Paul Manafort Trial Day 3: Bookkeeper And Former Employees Testify
AILSA CHANG, HOST:
The trial of former Trump campaign chairman Paul Manafort is progressing at such speed that prosecutors say they might be ready to rest their case by next week. Manafort is facing charges of alleged tax and bank fraud. And today the court heard from Manafort's former bookkeeper.
NPR's national justice correspondent Carrie Johnson was there, and she joins us now. Hey, Carrie.
CARRIE JOHNSON, BYLINE: Hey, Ailsa.
CHANG: So bookkeeper - that sounds like a key witness in a case involving potential tax and bank fraud. What did she say?
JOHNSON: This bookkeeper worked for Paul Manafort for many years. She testified he was very knowledgeable, very detail-oriented and that he approved every penny of everything we paid. The bookkeeper said early on financial statements for Manafort and his company were flush. They helped buy all those things we've talked about, the suits and the real estate and the landscaping with hundreds of flowers that spelled out the letter M.
CHANG: Oh (laughter).
JOHNSON: But as time went on, the documents showed Manafort was having really severe financial problems. The bookkeeper testified she had to send him a list of bills that needed to be paid urgently. That included a medical insurance policy that was about to lapse. There was increasingly a real sense of desperation. Paul Manafort had tapped out a line of credit, was applying for new loans. And prosecutors introduced documents they say were falsified or doctored by Manafort and his associates, that - loan materials that didn't include key details about his properties or overvalued his income.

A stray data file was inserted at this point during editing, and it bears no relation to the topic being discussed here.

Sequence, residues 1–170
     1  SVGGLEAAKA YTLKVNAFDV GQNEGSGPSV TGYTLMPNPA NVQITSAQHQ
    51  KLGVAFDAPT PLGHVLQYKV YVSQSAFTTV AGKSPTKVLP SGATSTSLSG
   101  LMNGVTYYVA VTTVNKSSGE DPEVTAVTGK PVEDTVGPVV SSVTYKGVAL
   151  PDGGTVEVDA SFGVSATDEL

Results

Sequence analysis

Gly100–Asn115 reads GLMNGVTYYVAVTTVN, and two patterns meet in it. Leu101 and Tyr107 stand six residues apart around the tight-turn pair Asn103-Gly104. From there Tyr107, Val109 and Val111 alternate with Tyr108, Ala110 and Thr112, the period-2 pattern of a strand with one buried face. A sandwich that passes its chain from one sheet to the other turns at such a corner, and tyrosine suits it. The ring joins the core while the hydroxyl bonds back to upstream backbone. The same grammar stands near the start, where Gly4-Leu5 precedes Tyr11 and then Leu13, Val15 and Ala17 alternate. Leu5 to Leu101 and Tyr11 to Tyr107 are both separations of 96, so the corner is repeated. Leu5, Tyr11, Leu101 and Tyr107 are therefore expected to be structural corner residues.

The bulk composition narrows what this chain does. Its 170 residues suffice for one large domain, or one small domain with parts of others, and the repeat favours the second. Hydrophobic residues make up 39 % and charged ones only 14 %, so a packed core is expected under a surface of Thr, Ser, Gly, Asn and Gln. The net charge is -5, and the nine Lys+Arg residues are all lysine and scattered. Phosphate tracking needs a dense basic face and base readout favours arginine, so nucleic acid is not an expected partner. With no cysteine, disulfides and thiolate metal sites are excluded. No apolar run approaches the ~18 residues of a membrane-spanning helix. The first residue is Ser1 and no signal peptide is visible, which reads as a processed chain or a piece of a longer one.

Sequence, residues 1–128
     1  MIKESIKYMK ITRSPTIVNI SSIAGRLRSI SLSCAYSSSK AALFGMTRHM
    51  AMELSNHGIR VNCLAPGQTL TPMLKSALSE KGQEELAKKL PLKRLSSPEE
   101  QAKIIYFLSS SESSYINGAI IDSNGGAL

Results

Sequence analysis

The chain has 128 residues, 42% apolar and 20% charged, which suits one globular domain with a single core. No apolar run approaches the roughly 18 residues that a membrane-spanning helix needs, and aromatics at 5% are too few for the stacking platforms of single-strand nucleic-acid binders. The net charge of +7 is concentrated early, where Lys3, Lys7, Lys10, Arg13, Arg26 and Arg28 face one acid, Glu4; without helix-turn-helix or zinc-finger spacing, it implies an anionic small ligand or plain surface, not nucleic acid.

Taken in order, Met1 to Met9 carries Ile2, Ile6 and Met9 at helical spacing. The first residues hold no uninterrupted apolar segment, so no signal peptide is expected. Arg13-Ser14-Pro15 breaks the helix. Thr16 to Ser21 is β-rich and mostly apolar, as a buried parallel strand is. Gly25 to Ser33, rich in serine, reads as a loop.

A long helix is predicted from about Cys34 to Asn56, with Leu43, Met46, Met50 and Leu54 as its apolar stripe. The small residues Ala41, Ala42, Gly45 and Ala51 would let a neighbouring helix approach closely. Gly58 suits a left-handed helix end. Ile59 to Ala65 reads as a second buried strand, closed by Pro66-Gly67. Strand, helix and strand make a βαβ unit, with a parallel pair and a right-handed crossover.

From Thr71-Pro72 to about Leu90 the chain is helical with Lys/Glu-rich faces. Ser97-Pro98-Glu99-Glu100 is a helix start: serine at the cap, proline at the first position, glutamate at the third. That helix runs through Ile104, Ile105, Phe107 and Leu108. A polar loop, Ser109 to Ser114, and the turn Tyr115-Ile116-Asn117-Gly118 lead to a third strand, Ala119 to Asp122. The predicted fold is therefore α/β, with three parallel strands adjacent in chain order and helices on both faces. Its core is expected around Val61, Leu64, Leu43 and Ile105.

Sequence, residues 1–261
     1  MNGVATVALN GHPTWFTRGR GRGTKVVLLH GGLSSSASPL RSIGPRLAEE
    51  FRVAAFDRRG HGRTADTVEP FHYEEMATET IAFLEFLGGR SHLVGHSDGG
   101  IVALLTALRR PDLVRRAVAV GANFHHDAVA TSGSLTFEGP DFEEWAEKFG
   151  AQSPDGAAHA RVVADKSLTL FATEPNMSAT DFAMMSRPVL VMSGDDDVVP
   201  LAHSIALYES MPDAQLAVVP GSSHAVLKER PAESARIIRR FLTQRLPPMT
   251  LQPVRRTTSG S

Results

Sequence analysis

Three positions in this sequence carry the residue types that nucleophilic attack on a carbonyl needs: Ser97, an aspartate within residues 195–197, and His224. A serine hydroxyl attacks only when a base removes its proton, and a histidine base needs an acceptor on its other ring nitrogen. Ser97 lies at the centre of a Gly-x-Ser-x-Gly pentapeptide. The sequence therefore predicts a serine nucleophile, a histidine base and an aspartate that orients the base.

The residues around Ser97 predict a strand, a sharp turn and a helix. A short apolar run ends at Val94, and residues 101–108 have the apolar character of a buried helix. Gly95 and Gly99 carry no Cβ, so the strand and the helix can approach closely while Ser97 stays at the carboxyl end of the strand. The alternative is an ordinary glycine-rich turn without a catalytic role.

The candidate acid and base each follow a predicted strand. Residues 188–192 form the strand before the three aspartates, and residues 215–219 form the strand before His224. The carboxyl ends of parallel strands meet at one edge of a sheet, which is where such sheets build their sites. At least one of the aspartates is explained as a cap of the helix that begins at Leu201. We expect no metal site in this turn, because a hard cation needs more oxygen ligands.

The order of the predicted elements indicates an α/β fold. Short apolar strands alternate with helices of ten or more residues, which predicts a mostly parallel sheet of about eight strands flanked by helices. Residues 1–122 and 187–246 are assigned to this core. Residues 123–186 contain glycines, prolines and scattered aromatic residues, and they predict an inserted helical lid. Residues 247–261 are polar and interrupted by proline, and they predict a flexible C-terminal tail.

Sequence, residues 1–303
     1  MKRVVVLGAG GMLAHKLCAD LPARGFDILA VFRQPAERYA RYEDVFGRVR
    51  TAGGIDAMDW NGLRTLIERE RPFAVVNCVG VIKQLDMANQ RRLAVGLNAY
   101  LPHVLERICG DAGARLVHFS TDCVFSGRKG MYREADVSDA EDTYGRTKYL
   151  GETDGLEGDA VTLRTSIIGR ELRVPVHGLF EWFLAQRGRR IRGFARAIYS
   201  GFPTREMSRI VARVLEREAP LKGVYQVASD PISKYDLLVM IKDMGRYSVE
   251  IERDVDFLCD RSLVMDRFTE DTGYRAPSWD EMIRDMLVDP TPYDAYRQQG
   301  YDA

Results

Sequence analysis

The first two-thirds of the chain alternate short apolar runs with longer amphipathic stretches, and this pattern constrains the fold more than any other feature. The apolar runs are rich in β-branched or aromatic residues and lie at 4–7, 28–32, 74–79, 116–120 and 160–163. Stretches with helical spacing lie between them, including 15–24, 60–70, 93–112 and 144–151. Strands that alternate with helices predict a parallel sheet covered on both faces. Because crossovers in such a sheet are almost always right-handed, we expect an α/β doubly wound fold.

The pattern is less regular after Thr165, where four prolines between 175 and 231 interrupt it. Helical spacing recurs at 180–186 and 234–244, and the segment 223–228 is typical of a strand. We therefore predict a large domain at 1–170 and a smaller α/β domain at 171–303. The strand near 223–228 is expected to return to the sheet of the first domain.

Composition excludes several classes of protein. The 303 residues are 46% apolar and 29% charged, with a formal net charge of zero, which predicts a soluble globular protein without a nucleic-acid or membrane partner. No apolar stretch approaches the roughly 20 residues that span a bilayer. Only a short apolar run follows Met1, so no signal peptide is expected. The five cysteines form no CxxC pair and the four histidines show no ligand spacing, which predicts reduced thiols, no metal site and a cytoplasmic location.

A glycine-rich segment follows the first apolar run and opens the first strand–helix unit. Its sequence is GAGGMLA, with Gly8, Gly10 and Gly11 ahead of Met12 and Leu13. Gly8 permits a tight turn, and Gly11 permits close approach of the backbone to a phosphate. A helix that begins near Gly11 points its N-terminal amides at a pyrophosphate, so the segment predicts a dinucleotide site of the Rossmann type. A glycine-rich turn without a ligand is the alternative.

CHANG: Who else did the court hear from today then?
JOHNSON: We started to hear from Philip Ayliff, who was Manafort's accountant. Prosecutors used Ayliff to point out Manafort had not disclosed any foreign bank accounts on his tax returns. And they introduced some of Manafort's tax returns, both personal and business. Basically, Ailsa, this jury is getting a crash course in accounting and tax issues.
CHANG: Oh, I can imagine.
JOHNSON: And as you pointed out this judge, T.S. Ellis III, has a need for speed. Prosecutor Greg Andres in particular really raced through his questions to cut to the chase today. This is the heart of the bank fraud and tax fraud case against Manafort. But remember; he denies wrongdoing.
CHANG: When we talked this week, it was unclear if Manafort's former partner Rick Gates would be called as a witness by prosecutors. Is there any update there?
JOHNSON: Yeah, things became a little bit more clear today. Prosecutor Andres said today, we put Rick Gates on the witness list. We have every intention of calling him. And the judge responded, this is outside the presence of the jury. Well, of course you can't prove the conspiracy charge against Paul Manafort without Rick Gates, his right-hand man.
The Manafort team, remember, wants to put Rick Gates on trial. They're blaming him for nearly all of Paul Manafort's troubles. But prosecutors introduced evidence today that Manafort was heavily involved in his own finances and that when it came to salaries, at least the ones that were reported to the bookkeepers, Rick Gates made about $240,000 a year and Paul Manafort made nearly 2 million, suggesting who really was in charge in that relationship.
CHANG: So what are we expecting tomorrow?
JOHNSON: Tomorrow we're going to hear more from this accountant, maybe two hours more, although the judge is trying to get the government to sharpen its questioning. And then I think we're going to hear from at least one more accounting witness as the government tries to roll through the counts in this indictment that deal with tax fraud.
CHANG: All right, that's NPR's Carrie Johnson. Thank you, Carrie.
JOHNSON: My pleasure.
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